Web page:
Thursday, September 10, 2009
Got an Opinion? Bring it on, Babe!
Got an opinion?
Get in line, Toots.
You too, Bud?
Right over here, Sir.
Join the club.
Bill O’Reilly fans are familiar with the phrase “if you wish to opine…”
Who doesn’t wish to opine? Whether your opinion weighs value vs. outcome, great hairstyles of the 1980’s, (GAG) Oprah by the decade,
grits vs. potatoes, pink vs. pink (I mean, come on… You ladies understand this. Nothing outweighs pink in its multiple shades. Are ya’ kiddin’ me???) fall vs. spring, cold vs. hot, Jeter vs. …
Okay, well that’s just silly. No one compares to Jeter. I mean, let’s stay serious here.
Whatever the subject, everyone has an opinion. Some are informed, some are just heels-dug-in stubborn, but the equalizer is simple: They’re all valuable.
Potential, guys. Come on, work with me. Follow along.
They’re all potential customers or editors or agents. This is it, in a nutshell. Ya’ ain’t gonna please ‘em all, so figure out WHO to please and then do it.
Sound too simple to be true?
Wrong, wrong, wrong, wrong, wrong.
Are you wringing your hands and exclaiming you can’t modify your work to fit X, Y or Z market???
You might want to take up macramé. Or crocheting. Knitting is nice. Soothing. Therapeutic. Gardening, too.
Because the fact is, you will have to adjust at some point to either editor, agent, audience and hopefully to all three. Why?
Because they control a portion of the market you desire. So here’s where we get to opinions, i.e. contest judges.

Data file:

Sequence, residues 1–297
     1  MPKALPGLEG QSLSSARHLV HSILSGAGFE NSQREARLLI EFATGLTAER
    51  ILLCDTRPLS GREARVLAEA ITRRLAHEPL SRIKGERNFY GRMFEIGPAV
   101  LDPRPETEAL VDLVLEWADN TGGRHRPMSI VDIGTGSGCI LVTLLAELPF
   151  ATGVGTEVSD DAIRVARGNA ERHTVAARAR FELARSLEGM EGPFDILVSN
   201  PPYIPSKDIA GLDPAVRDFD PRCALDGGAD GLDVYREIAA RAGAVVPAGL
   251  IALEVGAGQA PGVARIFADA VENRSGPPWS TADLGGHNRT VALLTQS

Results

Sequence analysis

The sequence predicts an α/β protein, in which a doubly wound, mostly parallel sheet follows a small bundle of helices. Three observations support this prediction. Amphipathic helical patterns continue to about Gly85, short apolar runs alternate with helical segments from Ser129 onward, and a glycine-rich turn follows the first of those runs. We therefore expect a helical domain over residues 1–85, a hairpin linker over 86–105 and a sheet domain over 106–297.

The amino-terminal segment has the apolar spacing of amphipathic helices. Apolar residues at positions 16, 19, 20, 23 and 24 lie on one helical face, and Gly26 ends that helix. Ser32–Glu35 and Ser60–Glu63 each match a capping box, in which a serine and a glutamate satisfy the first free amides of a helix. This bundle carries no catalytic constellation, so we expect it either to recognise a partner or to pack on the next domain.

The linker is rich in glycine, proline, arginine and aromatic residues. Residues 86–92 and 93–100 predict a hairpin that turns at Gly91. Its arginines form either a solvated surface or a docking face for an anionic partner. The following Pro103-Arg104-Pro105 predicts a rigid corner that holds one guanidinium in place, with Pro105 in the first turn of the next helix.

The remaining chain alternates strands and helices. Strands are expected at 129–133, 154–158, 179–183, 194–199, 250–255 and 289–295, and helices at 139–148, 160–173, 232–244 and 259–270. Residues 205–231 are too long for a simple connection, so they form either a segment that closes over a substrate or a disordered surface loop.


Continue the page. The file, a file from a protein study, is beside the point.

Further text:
“While your writing is very nice and I found your hero and heroine to be engaging, I just can’t believe in the whole idea of her sister coming into town and him having a history with her. It just seems too coincidental. Your story lost plausibility for me there.”
“I love the way you threaded the sister’s story into the heroine’s back story because it added a degree of realism I find lacking so many romances. I’ve seen this situation time and again and you captured it beautifully.”
Two mutually exclusive points of view, both thoughtful and well-written. Who should I believe?
Both. They were both right.
Because a year later two editors looked at the very same story. One said, “Ruth, I love this story, love the plot line, and this seems so workable, but the sister’s former presence seems a little too coincidental to me. Could we rewrite this using a different thread that brings the hero and heroine together under the same circumstances without the sister’s history?”
Sure I can. I have a keyboard. I can rewrite anything they want. Are ya’ kiddin’ me? I wasn’t married to the sister, right? It’s not like they’re asking me to offer one of my children as a virgin sacrifice to the volcanic goddess Pele. She just wanted a story edited and there’s the ticket: It’s a STORY. Not perfect, not universal, not To Kill a Mockingbird profound, but a delightful little romance that needs an audience and we need to trust editors to know their audience, their line, their job.